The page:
Is it better to grow tomatoes in North Carolina from seeds or seedlings?
While both options are perfectly fine in the North Carolina region, you should either grow tomatoes from seed if you want to have the full growing experience or grow tomatoes from seedlings in case you want to see results much quicker.
Should you start growing tomatoes in North Carolina indoors?
If you want to grow tomatoes from seed and still want to harvest your tomato plants rather early in the year, it definitely makes sense to start growing tomatoes indoors in early spring and transplanting them outdoors later on once it gets warmer outdoors.
How to water tomato plants in North Carolina?
While you will not have to water your plants often during the rather cool periods of the year while your tomato plants are still small, things change pretty quickly once your plants get bigger and it gets hotter outdoors and there may even be days when you may have to water your plants multiple times per year.
Do you have to protect tomatoes against the sun in North Carolina?
Since radiation and heat are rather limited during the early months of the year when your plants are still young, you don’t have to protect your tomato plants against the sun and can rather let them grow in a natural manner.
Will wild animals feed on tomatoes in North Carolina?
Groundhogs, rabbits and deer are just some of the hungry animals that may try to get their share of your tomato plants and you may therefore keep away those hungry animals using a scarecrow or installing a fence.
Tomato pests & plant diseases in North Carolina
Thrips, nematodes and cutworms are just some of the pests you may have to deal with when growing tomatoes in North Carolina.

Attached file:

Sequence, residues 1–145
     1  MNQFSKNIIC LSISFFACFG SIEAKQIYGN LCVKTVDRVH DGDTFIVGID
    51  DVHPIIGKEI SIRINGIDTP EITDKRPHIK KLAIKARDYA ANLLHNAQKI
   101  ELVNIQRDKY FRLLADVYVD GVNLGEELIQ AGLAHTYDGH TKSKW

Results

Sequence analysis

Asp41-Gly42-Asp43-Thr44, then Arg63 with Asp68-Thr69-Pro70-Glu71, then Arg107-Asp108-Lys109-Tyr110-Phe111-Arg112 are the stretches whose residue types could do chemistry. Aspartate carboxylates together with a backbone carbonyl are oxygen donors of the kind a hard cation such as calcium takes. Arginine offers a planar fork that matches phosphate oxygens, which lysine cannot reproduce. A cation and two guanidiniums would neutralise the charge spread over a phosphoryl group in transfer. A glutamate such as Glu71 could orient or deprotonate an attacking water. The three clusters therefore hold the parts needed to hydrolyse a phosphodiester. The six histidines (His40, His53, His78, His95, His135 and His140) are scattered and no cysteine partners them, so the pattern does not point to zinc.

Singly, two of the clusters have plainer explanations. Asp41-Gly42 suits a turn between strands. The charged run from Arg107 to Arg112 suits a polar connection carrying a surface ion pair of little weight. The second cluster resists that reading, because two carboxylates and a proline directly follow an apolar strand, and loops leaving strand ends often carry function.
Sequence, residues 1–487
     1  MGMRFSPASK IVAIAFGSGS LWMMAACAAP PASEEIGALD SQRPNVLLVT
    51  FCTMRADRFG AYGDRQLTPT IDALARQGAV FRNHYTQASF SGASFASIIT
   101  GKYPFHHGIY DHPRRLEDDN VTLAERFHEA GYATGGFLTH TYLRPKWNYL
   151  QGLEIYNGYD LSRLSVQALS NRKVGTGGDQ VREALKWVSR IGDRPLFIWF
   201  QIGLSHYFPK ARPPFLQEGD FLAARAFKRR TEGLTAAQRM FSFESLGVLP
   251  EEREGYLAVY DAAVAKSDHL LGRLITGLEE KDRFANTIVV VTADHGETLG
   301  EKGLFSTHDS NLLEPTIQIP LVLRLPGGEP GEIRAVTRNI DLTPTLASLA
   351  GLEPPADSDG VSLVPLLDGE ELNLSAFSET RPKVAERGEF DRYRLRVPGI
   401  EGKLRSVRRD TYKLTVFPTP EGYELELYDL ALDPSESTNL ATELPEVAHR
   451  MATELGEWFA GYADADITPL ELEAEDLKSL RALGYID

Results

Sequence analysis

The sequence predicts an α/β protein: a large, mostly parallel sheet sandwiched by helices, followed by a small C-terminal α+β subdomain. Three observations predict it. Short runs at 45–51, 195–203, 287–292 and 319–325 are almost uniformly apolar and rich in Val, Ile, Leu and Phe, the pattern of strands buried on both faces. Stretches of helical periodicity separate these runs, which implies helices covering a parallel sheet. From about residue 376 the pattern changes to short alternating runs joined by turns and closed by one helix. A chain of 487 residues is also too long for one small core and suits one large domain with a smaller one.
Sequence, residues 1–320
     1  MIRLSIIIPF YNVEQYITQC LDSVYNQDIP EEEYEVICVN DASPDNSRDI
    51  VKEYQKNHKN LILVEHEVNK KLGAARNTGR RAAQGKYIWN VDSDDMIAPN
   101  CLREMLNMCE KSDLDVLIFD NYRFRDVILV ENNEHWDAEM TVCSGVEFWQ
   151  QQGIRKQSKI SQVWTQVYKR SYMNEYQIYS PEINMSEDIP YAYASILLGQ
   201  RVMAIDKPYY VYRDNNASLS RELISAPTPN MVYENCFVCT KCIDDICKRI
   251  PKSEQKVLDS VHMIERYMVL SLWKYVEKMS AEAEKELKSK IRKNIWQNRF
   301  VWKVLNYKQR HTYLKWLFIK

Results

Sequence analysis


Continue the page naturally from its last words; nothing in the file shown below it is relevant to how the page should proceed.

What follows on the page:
Fortunately, there are easy but yet effective ways how to keep away tomato pests and plant diseases.
When to harvest tomatoes in North Carolina?
If you start sowing tomato seeds outdoors between April and May, you will usually be able to harvest your tomato plants between August and September.
Additional Information for Growing Tomatoes at Home
Now that you got most of the information you need to grow tomatoes in North Carolina in a great manner, it’s time to actually do it on your side!
However, if you feel like you want to get even more information about growing tomatoes at home in general, you may also want to have a look at my tomato grower’s guide.
If there are specific questions left, I also suggest you check out my growing tomatoes FAQ section where you will find answers to most questions people often have when it comes to growing tomatoes in their garden or on their balcony.
About the Author
My name is Andreas and I’m really passionate about our environment and also about growing plants. In fact, I have grown several different plants over many years. I love to see my own plants grow and also always try new things to improve my overall conditions at home.
In my blog posts, I want to share my experiences with you so that you can become successful in growing various different plants and improving your home as well, even though you might still be a beginner right now.